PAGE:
Tomas Transtromer: Tracks

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Tomas Transtromer, one of Gert’s favourite poets, died on March 26 2015 at the age of 83.

Even after suffering a stroke in 1990 that severely affected his speech and movement Transtromer continued to write short, haiku-like poems and a prose memoir.

He’s reminiscent of Czeslaw Miloscz in the purity of his reactions to the natural world, but many of his poems spring from his work as a psychologist.

He won the Nobel Prize for Literature in 2011.

One of my favourites, Tracks, begins

2 AM: moonlight. The train has stopped

out in the middle of the plain. Far away, points of light in a town,

flickering coldly at the edge of the horizon.

 

As when someone has fallen into a dream so deep

he’ll never remember having been there

when he comes back to his room.

 

You can continue reading Tracks here

http://www.theguardian.com/books/2011/oct/06/tomas-transtromer-poem-nobel-prize-tracks

and other poems here:

http://www.poemhunter.com/tomas-transtr-mer/

photo credit: http://www.flickr.com/photos/24355405@N04/5287514081

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5 thoughts on “Tomas Transtromer: Tracks

  1. This is wonderful, Gert! We did a 10-week translation class for the MFA earlier this semester, and this poem was one that we worked with. We each will read three of our translations at the residency, and this is one that I will be doing. Very interesting to see the differences in translations. Thanks–

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    1. Were you translating from Swedish? Is there no end to your talents? I love this haiku like sentence by Transtromer from his tiny memoir Memories look at me:

      The caterpillar feet were gone, the wings unfolded. One should never lose hope!

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      1. The way that the class worked was that each week the instructor sent us a new poem or bit of prose in a foreign language, along with some commentary about grammar in that language and things to watch out for, and then a “glossary” — a translation for each word in the piece (and of course, some words could have two different meanings or shades of meaning). The glossary included gender, tense, and other grammatical elements. Then our job was to make a poem from it that read well in English, while maintaining the structure, maybe some of the rhyme or rhythm, and the grammar and “meaning.” After a first go-around, comments from the instructor, and a second version, he would post two – four translations from other poets, often famous ones. The Robin Fulton translation that you have here was one of the three for “Tracks” that he gave us.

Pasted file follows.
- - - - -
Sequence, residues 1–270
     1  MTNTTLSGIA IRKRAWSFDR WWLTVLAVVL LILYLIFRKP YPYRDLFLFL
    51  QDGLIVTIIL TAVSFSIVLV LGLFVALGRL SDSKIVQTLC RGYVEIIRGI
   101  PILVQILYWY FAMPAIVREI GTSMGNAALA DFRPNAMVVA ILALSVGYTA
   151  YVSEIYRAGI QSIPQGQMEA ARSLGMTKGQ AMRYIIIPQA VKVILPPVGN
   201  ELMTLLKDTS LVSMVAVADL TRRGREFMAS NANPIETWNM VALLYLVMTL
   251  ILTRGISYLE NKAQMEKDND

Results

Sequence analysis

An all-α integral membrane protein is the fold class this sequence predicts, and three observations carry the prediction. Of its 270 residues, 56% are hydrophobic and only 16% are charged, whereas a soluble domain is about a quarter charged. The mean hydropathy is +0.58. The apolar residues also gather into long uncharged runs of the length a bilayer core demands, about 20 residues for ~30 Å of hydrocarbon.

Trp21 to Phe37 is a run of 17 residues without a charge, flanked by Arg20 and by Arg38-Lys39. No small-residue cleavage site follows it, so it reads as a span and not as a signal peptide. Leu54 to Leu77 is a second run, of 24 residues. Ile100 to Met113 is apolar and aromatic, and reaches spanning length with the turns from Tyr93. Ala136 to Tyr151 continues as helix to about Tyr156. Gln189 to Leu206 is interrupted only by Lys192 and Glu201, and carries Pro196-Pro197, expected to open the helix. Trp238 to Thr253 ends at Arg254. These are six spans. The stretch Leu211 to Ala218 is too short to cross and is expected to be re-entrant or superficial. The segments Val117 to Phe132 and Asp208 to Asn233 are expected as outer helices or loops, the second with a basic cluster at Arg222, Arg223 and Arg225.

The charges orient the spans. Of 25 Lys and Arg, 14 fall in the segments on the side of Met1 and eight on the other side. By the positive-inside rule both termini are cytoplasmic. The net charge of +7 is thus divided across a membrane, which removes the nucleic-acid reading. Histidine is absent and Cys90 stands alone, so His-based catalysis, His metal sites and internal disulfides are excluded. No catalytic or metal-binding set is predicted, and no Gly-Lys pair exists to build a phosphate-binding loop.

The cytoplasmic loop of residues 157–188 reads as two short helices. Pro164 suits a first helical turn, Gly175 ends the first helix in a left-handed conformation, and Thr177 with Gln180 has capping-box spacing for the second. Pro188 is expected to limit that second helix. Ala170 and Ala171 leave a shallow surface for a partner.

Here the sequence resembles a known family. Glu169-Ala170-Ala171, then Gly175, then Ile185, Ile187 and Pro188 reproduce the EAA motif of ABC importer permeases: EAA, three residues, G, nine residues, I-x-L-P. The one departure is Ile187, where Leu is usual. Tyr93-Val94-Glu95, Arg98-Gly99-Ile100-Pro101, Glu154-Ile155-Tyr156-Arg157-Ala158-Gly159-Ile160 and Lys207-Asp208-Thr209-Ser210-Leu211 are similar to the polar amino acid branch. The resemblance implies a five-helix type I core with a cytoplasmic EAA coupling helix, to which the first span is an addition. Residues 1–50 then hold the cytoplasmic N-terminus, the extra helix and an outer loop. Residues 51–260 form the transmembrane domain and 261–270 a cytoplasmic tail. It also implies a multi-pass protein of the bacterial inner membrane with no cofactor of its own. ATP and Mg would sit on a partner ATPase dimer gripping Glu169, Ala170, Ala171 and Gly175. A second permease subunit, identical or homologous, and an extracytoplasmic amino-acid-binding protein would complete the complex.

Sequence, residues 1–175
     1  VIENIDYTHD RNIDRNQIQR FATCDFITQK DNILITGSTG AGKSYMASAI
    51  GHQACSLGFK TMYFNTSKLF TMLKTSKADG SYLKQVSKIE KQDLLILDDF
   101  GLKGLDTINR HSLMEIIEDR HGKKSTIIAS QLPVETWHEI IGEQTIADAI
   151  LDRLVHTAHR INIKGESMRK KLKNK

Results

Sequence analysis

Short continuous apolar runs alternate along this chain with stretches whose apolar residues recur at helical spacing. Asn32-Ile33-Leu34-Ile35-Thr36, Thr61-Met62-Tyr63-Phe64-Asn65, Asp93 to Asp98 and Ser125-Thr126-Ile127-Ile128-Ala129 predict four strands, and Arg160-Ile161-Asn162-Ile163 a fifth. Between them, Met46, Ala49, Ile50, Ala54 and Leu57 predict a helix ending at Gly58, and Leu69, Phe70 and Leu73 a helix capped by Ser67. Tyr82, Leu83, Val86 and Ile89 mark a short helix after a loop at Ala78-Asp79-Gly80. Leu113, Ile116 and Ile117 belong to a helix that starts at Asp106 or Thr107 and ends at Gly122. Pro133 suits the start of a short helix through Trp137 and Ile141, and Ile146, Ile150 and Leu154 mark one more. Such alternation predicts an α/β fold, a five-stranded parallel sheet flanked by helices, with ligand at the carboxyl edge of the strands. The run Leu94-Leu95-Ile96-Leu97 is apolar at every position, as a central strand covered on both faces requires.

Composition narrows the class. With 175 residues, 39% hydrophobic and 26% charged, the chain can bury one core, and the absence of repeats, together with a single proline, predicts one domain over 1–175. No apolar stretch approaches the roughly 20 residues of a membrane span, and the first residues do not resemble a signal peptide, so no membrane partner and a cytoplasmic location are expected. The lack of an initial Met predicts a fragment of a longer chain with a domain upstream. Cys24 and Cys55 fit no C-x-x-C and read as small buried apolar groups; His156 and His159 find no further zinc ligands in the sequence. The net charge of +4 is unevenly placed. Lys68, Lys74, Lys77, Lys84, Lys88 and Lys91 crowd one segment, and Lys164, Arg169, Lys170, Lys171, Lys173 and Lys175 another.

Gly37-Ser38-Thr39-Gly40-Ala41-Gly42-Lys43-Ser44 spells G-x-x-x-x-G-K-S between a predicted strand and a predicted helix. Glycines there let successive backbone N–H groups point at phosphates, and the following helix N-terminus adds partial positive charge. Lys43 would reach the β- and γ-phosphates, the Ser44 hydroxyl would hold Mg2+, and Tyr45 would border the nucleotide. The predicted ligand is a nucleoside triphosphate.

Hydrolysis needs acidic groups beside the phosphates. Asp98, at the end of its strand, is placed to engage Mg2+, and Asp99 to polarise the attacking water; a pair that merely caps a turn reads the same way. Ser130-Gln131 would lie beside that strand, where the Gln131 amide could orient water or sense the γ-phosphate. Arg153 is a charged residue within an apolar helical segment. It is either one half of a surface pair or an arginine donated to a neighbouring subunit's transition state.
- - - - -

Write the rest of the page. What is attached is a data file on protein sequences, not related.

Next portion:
One of the interesting things about the translations of this poem was that although the Swedish in the second stanza is clearly feminine gender, and most of us translated it that way (the gender in the third stanza is masculine), all of the versions that the instructor provided have the gender the same in both stanzas. I guess they couldn’t handle the idea that Transtormer would be referring to two different people’s experiences in the poem, and rather than making both people female, made them both male.

        I loved the class — we did do three tanka; also Anna Akhmatova, Ingeborg Bachman, Pierre Reverdy (I translated his poem “Secret” both as a straightforward translation and then re-wrote it into three haiku — worked pretty well. It was so interesting to see how the languages worked, and how differently they came out. If I ever have extra time some day, I might try doing more of the translations.

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        1. What a fantastic exercise, it’s almost like being bilingual in the understanding it gives of how a poem in another language works.

          Just read the Pierre Reverdy poem, Secret, and can see how it would lend itself to haiku. Amazing to think that was written in 1918.

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